As a society, we have become so used to seeing the less fortunate sitting by the side of roads, huddled together for warmth or perhaps each other’s company, that they have essentially become invisible to us. At this point, one may ask “But what can we do? Those numbers seem so daunting. How could we ever make a difference?”. And it is at this point that one needs to keep in mind that even if one person gets to sleep at night with their stomach full instead of empty, to them even the smallest of efforts have made all the difference in the world.
It was with this mindset that Mohd. Sujathullah – a Pharm.D student barely 23 at the time – went out to the railway station one hot afternoon back in 2016, and served rice and curry to at least ten poor people. What had started out as a good deed soon tore at his heart when he saw the abject conditions that those people lived in, when he saw the stark reality of hunger in the eyes of the children that gathered around him when they saw he was distributing food. It felt so good to Sujathullah to fill their bellies until they smiled for the first time in days, that he went out and did the same thing the next day. And the next, and the next, using his own pocket money. It instilled in him an internal sense of responsibility to help as many people as he could, and soon he started serving food to more than 100 hungry souls outside a government hospital.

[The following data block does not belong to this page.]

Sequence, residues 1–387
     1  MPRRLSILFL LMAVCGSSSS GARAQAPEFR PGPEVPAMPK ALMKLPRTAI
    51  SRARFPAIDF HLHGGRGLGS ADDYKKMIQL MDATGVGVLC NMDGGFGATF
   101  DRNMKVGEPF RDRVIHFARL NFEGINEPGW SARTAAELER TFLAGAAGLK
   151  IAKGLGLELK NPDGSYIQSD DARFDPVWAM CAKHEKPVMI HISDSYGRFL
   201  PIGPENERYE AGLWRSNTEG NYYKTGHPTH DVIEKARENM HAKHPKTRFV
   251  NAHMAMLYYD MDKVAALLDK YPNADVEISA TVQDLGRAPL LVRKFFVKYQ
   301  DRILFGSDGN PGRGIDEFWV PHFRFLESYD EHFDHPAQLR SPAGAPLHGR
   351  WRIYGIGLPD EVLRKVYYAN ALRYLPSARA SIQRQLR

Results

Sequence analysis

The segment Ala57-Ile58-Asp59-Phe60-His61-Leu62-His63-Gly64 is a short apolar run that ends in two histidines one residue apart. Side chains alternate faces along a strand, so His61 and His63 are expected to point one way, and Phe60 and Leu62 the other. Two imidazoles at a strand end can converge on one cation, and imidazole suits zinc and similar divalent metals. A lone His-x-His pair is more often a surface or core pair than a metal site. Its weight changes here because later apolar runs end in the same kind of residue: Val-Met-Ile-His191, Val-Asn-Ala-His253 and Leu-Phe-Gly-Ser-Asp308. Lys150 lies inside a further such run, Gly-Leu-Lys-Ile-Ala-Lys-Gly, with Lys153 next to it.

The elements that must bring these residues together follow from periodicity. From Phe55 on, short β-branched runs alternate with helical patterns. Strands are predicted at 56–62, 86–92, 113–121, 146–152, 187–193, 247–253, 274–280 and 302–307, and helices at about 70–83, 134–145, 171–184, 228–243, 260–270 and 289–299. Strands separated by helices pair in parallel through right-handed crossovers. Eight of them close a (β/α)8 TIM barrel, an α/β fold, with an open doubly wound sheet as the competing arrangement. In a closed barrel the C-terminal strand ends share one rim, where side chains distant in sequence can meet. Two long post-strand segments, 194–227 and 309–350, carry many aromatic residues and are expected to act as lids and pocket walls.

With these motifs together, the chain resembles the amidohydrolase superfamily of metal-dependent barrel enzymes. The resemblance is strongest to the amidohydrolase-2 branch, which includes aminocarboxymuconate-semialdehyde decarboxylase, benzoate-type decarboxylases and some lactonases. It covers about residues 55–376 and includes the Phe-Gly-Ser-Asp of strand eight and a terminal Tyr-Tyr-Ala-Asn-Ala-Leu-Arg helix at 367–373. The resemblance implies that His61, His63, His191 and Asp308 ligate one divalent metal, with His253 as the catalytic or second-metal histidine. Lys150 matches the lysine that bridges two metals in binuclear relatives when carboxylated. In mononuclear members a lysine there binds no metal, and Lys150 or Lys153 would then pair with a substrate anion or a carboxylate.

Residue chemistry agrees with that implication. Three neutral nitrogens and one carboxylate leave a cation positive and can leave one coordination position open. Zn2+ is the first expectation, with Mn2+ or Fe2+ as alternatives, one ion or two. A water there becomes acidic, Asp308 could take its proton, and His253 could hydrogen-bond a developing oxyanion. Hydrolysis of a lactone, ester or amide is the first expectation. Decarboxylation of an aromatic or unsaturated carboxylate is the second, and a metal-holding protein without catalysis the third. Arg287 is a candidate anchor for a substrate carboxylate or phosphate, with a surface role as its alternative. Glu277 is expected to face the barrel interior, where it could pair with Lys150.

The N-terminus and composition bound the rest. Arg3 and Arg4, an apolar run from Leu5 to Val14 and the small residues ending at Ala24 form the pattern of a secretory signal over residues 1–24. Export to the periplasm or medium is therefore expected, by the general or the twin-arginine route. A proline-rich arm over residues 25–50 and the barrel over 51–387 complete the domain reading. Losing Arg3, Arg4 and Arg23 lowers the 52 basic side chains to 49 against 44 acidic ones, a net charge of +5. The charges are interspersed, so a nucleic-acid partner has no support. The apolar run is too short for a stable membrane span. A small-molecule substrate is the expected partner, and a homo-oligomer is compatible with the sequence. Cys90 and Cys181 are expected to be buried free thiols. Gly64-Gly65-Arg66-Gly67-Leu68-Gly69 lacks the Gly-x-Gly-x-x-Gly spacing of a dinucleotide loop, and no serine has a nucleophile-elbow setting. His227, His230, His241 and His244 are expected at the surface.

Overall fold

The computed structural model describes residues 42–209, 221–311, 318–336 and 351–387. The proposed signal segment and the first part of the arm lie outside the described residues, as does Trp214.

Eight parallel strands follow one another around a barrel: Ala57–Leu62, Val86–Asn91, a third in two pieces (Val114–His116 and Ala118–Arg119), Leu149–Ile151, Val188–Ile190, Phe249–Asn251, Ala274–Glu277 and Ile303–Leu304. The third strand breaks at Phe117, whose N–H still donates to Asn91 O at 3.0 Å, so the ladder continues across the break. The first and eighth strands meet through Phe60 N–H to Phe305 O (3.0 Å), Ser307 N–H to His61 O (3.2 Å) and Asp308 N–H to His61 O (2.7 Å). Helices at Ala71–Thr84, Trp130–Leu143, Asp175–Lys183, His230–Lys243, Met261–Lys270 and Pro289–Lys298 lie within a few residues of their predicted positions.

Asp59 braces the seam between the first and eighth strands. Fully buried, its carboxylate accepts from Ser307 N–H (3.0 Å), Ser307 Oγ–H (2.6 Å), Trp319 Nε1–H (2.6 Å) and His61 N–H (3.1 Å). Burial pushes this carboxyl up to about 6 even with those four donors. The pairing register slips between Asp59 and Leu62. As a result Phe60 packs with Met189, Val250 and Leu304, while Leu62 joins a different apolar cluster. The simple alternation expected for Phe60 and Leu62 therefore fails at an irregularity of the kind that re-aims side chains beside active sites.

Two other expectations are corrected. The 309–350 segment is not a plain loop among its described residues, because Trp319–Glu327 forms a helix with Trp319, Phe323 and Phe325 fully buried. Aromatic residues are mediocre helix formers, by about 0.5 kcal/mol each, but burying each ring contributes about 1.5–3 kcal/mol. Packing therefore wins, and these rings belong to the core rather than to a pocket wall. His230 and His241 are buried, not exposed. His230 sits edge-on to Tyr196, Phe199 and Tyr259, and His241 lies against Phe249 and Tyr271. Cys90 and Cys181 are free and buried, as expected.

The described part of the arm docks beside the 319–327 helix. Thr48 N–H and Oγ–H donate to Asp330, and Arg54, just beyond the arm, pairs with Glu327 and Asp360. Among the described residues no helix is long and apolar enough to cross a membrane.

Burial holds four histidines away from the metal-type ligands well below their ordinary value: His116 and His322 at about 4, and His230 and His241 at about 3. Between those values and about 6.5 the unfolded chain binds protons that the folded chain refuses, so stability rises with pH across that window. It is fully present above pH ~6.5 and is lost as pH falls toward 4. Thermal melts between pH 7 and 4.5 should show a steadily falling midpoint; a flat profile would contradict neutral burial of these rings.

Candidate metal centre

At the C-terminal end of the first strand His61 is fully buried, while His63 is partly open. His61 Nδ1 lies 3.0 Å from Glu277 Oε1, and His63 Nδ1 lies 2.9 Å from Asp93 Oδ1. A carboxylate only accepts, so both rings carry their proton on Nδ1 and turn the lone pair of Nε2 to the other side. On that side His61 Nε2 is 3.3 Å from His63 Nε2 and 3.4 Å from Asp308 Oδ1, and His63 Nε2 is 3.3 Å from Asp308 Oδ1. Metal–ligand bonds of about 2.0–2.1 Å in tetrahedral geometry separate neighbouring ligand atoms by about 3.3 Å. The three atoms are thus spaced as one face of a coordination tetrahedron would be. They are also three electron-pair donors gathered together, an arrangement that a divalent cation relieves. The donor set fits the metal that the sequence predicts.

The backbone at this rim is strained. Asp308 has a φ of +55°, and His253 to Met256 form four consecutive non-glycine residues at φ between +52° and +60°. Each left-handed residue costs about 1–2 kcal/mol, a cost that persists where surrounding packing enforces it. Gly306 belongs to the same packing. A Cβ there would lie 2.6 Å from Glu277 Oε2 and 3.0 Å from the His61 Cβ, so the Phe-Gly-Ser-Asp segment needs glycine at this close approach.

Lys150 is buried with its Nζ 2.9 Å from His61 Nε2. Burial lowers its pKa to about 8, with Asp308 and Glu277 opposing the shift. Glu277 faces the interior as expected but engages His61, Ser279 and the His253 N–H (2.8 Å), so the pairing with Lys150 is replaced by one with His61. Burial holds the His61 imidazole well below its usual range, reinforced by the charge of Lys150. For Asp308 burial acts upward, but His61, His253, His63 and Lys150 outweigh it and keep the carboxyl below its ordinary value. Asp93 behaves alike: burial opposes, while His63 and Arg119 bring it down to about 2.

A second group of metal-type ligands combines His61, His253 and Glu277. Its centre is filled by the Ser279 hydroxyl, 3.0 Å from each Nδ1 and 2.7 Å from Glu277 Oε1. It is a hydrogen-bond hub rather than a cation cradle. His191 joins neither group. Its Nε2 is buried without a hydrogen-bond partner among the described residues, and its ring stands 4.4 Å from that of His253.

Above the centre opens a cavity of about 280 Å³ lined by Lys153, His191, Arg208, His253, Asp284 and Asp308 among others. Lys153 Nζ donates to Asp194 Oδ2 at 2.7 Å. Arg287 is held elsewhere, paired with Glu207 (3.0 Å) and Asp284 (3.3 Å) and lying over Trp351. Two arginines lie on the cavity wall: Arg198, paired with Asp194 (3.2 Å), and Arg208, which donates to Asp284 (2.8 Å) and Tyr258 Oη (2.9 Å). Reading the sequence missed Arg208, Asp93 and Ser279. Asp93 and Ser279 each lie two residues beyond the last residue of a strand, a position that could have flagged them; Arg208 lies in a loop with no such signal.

“These people seemed to me the most desperate. They come to government hospitals because they can’t even afford medical care for themselves or their loved ones. They come from other districts, or even out of state, and have no one to care about them, to ask them if they had a meal that day. I wanted to be that person for them.” - Sujathullah
In the 3 years since then Sujathullah has vastly expanded his service, and runs an NGO he founded called Humanity First. He now feeds over 1000 people each day, irrespective of religion, caste, creed, age, gender, or profession, serving breakfast outside of 3 government hospitals every morning. On Sundays he goes a step further and organizes free breakfast distribution at an orphanage, an old age home, and a home for the disabled, in addition to the three hospitals, feeding a total of 1500+ people in a single day.
With such expansion, however, comes a lot of expense. It costs Humanity First Foundation at least ₹1,60,000 every month to feed these many unfortunate souls. Sujathullah relies entirely on donations from people like you to sustain his operation at this scale. And with International Charity Day coming up in a couple of weeks, now is the best time ever to donate to his worthy cause. Every single Rupee counts, because it costs just ₹5 to feed one person for a day. That means if you donate ₹1,000, you’d be preventing needless hunger in 200 people tomorrow, some of them disabled, some of them orphaned, all of them desperate.
As you can see, the numbers really aren’t that daunting, and you can do something. Even if you don’t have the time or ability to go out and feed people yourself, you can donate to Sujathullah’s cause and help him help others. Donate now, and you too can make a difference, one person at a time.